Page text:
“A big key was having her family recognize the need to go to the emergency room and getting her stabilized so quickly,” Bernard says. “From there, the coordination of an entire neuroscience team throughout her care allowed for the best possible outcome. It was truly a team – neurosurgeons with extensive experience, neuro-critical care, medical neurologists, neurosurgical intensive care nurses, and physical, speech and occupational therapists all working together.”

Before heading home, she was able to meet Bernard.

“I was a little nervous at first,” she says. “This guy saved my life and healed my brain, and I don’t even know what he looks like. When he walked in, though, I knew his face right away. It felt amazing to see him and his smile. Jon and I both had tears in our eyes. It was just miraculous to meet with him, to take a deep breath, smile and say thank you.”

A Healing ProcessShelby Groot and her children walk on the beach

Her recovery has included physical therapy twice a week and regular appointments with her team. Recently Shelby had a successful follow-up surgery, where they placed a catheter back into the spot that burst to reinforce it and prevent future aneurysms. She’s also focused on healing other lingering issues, in her eyes and legs. While her eyes suffered no damage, her left retinal artery retained some leaked blood, and she and her doctors are hopeful it will drain on its own with more time. She also has some lingering nerve pain and numbness in her left leg and foot, but she is expected to completely recover.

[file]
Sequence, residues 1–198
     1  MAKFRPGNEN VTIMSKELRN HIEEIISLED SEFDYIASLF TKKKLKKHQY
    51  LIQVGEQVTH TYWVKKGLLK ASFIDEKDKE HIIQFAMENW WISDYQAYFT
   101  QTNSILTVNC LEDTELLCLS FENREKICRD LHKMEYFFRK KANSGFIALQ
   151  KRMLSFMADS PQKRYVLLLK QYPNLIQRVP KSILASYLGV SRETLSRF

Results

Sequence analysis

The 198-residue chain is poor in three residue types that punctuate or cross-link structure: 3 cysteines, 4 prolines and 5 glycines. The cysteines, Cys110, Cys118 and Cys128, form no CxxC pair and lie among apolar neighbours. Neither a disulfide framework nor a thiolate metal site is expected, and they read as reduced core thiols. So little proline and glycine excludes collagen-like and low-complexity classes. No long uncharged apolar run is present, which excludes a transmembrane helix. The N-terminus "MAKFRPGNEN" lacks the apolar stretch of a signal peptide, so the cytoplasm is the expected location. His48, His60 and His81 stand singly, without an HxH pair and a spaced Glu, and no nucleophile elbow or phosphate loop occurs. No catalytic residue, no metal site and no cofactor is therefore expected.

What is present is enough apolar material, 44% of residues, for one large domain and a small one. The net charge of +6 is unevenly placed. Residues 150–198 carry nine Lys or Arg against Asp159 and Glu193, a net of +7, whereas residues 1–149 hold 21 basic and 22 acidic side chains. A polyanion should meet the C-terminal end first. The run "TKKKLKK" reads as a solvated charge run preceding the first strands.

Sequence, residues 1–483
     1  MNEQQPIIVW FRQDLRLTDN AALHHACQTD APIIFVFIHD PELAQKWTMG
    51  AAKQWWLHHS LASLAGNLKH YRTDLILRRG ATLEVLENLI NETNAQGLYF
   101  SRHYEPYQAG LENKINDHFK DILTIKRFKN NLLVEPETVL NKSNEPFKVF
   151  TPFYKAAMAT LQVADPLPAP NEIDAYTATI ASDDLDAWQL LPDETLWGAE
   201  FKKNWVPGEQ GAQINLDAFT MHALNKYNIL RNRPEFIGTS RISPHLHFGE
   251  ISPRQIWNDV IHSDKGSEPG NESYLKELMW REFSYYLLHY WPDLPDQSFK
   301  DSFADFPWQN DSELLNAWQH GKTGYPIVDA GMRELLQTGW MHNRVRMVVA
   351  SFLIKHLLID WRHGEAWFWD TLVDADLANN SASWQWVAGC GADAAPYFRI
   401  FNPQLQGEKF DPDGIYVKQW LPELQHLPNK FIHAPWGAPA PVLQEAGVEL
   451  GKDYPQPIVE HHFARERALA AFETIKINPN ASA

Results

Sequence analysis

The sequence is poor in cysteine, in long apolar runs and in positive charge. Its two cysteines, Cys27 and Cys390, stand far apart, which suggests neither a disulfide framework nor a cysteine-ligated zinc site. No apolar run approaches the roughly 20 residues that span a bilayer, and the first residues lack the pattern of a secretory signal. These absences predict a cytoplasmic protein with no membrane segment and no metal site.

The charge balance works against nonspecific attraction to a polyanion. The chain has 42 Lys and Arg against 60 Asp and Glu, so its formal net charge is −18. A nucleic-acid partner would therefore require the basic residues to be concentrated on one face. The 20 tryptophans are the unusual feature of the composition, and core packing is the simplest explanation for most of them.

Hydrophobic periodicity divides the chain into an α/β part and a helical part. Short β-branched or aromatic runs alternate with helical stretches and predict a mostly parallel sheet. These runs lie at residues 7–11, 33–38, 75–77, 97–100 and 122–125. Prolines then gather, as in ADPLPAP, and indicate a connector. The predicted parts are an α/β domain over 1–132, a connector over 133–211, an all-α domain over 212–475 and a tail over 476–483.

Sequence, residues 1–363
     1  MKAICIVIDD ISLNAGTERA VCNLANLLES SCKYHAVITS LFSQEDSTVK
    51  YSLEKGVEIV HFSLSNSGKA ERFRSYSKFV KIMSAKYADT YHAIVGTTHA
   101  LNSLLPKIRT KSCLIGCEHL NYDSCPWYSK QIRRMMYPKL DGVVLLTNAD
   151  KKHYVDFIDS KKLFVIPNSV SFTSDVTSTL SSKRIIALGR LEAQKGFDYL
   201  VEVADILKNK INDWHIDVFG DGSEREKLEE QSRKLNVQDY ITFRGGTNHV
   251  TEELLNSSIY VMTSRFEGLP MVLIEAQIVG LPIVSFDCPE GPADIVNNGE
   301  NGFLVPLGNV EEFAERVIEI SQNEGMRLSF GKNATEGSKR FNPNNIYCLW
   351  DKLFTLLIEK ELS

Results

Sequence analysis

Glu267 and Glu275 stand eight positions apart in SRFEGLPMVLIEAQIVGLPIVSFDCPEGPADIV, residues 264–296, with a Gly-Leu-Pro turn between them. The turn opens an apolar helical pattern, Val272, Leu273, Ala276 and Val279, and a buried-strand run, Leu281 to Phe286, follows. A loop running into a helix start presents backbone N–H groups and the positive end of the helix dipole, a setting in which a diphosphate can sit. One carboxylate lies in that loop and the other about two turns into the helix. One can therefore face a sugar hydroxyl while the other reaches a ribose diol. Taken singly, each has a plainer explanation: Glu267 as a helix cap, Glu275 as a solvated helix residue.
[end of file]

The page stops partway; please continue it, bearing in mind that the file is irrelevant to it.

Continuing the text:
“It’s a process of letting my body heal over time,” says Shelby, who moved with her family to Charlotte from Chicago just a few weeks before her aneurysm.

“We knew we needed to be close to a great city for many reasons but having excellent health care close by was a big deal,” she says. “Thank God we picked the right place.”